Yukos (Isle of Man) vs. Russia: Yukos was a Russian oil and gas company. It was acquired from the Russian government during the controversial “loans for shares” auctions of the mid 1990s, whereby some of the largest state industrial assets were leased (in effect privatized) through auctions for money lent by commercial banks to the government. The auctions were rigged and lacked competition, and effectively became a form of selling for a very low price. In 2003, the Yukos CEO was arrested on charges of fraud and tax evasion and the following year Yukos’ assets were frozen or confiscated. In 2007 Yukos’ former shareholders filed a claim for over US$100 billion, seeking compensation for their expropriation. The dispute resulted in 2014 in the arbitrators awarding the majority shareholders over US$50 billion in damages. The investors have been trying to enforce the award in several countries since then.

NextEra (Netherland) vs. Spain: The Dutch investor filed for arbitration in May 2014, after Spain changed the regulatory framework applicable to its investment, namely the construction of two solar power plants. NextEra claimed that Spain abolished the long-term premium and tariff system, negatively affecting the profitability of the project. However, Spain alleged that NextEra should have been aware that changes could be made to the regulatory regime. In May 2019, the investor was awarded around €290 million. Spain filed for annulment in October 2019.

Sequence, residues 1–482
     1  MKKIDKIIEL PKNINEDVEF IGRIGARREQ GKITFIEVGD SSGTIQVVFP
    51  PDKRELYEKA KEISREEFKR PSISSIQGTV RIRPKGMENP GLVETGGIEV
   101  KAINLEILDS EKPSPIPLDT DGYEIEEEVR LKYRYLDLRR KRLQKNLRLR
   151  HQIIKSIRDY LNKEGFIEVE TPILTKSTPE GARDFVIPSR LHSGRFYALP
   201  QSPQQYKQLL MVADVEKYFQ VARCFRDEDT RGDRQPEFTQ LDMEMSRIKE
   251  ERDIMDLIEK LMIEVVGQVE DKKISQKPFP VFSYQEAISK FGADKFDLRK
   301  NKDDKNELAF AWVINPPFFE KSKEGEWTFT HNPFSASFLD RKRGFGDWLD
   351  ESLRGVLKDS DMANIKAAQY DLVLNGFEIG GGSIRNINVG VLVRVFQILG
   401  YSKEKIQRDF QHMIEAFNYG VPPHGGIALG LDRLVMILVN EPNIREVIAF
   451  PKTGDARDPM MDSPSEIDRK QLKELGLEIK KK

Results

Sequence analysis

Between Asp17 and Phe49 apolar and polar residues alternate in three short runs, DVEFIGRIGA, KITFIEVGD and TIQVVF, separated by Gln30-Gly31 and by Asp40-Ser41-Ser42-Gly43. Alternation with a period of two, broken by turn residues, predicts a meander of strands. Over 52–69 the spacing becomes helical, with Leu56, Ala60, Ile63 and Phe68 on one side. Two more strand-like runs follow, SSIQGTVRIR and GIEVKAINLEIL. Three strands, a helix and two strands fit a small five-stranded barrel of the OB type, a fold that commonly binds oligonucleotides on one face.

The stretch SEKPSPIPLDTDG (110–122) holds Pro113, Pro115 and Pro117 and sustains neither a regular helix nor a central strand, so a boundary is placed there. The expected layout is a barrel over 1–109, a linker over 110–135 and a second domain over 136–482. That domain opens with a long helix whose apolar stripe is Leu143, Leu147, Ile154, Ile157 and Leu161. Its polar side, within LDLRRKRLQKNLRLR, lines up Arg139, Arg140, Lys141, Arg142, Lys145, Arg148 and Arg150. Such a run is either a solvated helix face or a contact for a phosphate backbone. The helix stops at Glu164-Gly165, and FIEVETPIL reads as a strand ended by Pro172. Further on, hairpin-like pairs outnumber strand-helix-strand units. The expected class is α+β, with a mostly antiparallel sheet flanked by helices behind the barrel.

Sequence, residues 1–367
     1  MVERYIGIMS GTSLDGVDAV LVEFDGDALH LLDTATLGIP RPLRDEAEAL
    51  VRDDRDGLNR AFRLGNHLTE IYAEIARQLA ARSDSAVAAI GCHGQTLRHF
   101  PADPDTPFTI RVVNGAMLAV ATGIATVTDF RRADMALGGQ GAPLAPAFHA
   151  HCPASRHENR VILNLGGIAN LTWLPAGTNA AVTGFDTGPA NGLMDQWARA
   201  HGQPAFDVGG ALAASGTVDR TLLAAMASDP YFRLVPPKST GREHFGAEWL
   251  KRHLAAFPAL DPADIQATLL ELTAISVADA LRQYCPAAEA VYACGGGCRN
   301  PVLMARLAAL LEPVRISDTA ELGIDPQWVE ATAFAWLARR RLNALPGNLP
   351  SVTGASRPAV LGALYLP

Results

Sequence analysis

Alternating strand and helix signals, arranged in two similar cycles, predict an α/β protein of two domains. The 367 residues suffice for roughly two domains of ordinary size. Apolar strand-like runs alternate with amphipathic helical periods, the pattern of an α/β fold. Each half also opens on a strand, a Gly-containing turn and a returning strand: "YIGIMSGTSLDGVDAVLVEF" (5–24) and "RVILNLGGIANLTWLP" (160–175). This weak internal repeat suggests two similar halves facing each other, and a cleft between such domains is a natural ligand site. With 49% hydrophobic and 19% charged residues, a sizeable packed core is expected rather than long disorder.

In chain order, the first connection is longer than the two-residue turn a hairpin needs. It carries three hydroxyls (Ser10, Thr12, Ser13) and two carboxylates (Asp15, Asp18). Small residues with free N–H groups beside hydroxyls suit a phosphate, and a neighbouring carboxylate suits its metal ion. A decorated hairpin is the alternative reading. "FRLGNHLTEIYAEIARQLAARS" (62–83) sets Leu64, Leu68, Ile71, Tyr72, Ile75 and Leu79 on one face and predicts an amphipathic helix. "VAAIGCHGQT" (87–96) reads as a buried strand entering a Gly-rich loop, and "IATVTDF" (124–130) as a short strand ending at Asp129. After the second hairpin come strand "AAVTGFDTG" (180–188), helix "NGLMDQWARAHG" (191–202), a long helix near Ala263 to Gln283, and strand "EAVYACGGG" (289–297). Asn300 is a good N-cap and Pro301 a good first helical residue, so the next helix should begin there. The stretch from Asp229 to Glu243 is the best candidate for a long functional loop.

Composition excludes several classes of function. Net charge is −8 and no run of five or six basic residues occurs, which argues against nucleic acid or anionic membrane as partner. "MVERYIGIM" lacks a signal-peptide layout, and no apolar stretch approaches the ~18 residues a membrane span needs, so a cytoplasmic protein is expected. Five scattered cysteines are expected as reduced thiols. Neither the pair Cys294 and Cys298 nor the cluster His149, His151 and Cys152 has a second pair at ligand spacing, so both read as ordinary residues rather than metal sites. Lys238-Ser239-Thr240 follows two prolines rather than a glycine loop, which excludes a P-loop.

Photo: Marc Maes / Twitter

Last update: April 2020

La Tribune | 14-Nov-2022
Cette convention permet aux géants de l’énergie de se retourner contre les États signataires qui mèneraient des politiques climatiques défavorables à leurs investissements. Dans le même temps, l’Allemagne va ratifier l’accord CETA.
EJIL: Talk! | 8-Nov-2022
The Bureau of Economic Security of Ukraine (ESBU) seized the assets of one of Ukraine’s largest fuel retailers, AMIC Ukraine, the local subsidiary of AMIC Energy, an Austrian private equity firm.
Kluwer Arbitration Blog | 7-Nov-2022